Sept. 3 (Bloomberg) -- Bank of Canada Governor Stephen Poloz will probably extend the longest interest-rate pause since the 1950s today, as external threats to the world’s 11th largest economy outweigh signs of quicker output and inflation.
The benchmark rate on overnight loans between commercial banks will remain at 1 percent, where it’s been since September 2010, in a decision due at 10 a.m. in Ottawa, according to all 18 economists in a Bloomberg News survey.
“The domestic side of the economy is doing reasonably well, the challenge remains outside of our borders,” said Craig Wright, chief economist at Royal Bank of Canada. The bank “may play up the external risks” in today’s statement, in part to keep Canada’s dollar from strengthening, he said from Toronto.
Output growth of about 2 percent at an annualized pace in the first half of this year did little to reduce the economic slack that Poloz projected would persist for two years. Canada’s inflation rate slowed to 2.1 percent in July from 2.4 percent in June, keeping it close to the bank’s 2 percent target, after rising from 0.7 percent in October.
The economy has “quite a bit of room to grow” before a shift in interest rates is needed, Poloz said in an Aug. 22 Bloomberg interview. The main stumbling block has been exports, which are just now returning to levels from before the last recession in 2009, and weak business investment. Household consumption accelerated to a 3.8 percent pace in the second quarter, even with consumer debt loads close to record highs and slow job growth.
Poloz’s focus on the need for a rotation to exports and business spending suggests he will reiterate today that inflation pressures are temporary, Jimmy Jean, a strategist in the fixed-income group at Desjardins Capital Markets in Montreal, said by telephone.
The currency’s depreciation since Poloz took office will only have “a marginal impact” on sparking exports or inflation, he said.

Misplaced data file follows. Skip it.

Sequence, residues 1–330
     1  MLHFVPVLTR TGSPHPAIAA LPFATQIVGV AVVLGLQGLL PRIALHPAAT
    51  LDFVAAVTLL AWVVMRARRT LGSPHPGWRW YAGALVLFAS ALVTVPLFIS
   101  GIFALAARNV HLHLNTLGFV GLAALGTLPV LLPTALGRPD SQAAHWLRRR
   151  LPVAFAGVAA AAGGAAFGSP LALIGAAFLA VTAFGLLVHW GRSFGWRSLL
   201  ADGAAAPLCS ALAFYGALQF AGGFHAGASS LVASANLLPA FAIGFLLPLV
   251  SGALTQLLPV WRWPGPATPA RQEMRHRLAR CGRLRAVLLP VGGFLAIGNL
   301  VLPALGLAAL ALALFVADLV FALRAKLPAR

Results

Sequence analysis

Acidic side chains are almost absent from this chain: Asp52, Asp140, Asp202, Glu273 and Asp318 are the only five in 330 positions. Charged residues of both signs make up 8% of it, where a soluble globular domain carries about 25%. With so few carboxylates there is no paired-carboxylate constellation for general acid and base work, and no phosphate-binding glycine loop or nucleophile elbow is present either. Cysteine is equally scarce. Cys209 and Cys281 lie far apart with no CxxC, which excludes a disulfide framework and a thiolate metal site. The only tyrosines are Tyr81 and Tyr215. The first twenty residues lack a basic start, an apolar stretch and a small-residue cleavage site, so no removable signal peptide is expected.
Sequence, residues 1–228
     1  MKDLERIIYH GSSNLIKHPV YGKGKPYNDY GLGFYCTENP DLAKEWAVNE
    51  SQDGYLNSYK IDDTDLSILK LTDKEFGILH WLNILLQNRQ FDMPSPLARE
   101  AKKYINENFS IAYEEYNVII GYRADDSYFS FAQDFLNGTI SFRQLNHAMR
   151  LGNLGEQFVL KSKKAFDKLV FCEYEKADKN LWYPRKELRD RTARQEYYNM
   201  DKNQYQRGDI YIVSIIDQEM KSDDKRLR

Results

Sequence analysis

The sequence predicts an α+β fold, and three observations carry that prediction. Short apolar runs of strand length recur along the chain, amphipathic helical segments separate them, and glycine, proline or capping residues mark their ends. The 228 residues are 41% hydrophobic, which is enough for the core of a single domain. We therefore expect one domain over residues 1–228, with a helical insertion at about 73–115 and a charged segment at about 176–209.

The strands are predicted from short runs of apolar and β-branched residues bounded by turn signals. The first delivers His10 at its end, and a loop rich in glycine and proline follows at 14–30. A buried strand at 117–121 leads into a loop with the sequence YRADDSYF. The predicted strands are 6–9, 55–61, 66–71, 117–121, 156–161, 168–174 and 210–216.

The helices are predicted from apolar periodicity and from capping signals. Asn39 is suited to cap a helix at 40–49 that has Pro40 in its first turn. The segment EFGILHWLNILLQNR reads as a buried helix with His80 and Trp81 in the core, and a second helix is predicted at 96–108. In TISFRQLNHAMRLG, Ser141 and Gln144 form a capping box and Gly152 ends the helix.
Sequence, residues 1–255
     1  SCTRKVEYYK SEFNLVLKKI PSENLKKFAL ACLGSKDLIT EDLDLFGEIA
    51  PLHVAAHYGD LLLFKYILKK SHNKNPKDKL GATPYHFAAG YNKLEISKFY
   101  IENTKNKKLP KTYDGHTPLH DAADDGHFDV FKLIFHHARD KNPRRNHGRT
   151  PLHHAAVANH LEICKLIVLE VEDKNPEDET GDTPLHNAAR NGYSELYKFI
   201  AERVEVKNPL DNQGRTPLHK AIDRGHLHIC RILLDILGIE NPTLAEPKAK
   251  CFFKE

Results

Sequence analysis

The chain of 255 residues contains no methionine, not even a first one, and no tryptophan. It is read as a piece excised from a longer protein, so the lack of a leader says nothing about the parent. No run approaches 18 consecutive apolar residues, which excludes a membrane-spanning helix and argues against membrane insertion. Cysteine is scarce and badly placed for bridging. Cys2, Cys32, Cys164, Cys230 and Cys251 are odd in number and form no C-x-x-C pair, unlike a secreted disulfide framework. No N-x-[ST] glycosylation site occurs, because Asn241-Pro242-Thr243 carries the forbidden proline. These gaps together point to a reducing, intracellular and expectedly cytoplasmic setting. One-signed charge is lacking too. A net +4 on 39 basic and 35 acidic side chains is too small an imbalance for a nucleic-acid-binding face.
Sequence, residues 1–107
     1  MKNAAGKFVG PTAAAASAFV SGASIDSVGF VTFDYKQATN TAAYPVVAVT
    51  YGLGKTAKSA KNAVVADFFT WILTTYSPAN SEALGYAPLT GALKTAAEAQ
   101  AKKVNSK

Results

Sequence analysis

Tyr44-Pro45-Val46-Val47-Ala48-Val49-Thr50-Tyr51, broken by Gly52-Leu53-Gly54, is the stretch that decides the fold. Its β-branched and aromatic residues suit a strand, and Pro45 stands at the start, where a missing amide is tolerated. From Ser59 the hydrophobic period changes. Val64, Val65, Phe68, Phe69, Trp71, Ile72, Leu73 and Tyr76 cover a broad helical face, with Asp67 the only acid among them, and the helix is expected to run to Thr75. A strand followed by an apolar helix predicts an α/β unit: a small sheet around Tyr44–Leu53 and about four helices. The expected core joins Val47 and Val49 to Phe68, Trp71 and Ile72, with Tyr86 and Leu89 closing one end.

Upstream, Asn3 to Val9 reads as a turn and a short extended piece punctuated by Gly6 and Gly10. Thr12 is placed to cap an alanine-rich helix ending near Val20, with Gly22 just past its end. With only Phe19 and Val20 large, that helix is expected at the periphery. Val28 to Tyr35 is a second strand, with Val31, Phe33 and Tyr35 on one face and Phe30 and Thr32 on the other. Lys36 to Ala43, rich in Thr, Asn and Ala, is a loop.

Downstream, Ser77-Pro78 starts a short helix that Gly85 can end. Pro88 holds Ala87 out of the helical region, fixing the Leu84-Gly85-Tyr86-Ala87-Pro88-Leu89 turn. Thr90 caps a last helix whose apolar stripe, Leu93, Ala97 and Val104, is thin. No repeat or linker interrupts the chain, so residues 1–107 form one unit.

Canada’s dollar has weakened about 6 percent against the U.S. dollar since Poloz replaced Mark Carney in June of last year, an aid to foreign shipments that make up a third of Canada’s economy. Exporters need to see that the U.S. recovery will be sustained before increasing investment, Jean said.
Canadian business investment has remained subdued, even with four years of unchanged rates and amid signs of stronger growth in the U.S. economy, where the expansion reached a 4.2 percent rate in the second quarter.
“We have seen so much uncertainty, either from Europe or from the fiscal situation in the U.S.,” which has kept companies from increasing spending, Jean said.
In the U.S., the Federal Reserve is still advancing its goal of paring back its stimulus bond-purchase program, while European Central Bank President Mario Draghi has suggested a widespread drop in prices may require more extraordinary measures to boost demand.
Bond investors are signaling they don’t see much risk of a fast recovery that will spark Canadian inflation. Ten-year government bond yields were 2.09 percent yesterday, close to Poloz’s 2 percent inflation target.
Global weakness could hurt Canada’s export recovery after shipments abroad rose at a 17.8 percent annualized pace. Business investment hasn’t been as strong, rising 0.9 percent in the second quarter following two previous declines.
Canada’s economy “is moving in the right direction,” said Wright at Royal Bank, who predicts no rate increase until the second quarter of next year.
“Everyone else is being ever patient on keeping stimulus in place,” Wright said. “For the Bank of Canada there isn’t much they can do to steer growth prospects around the world.”
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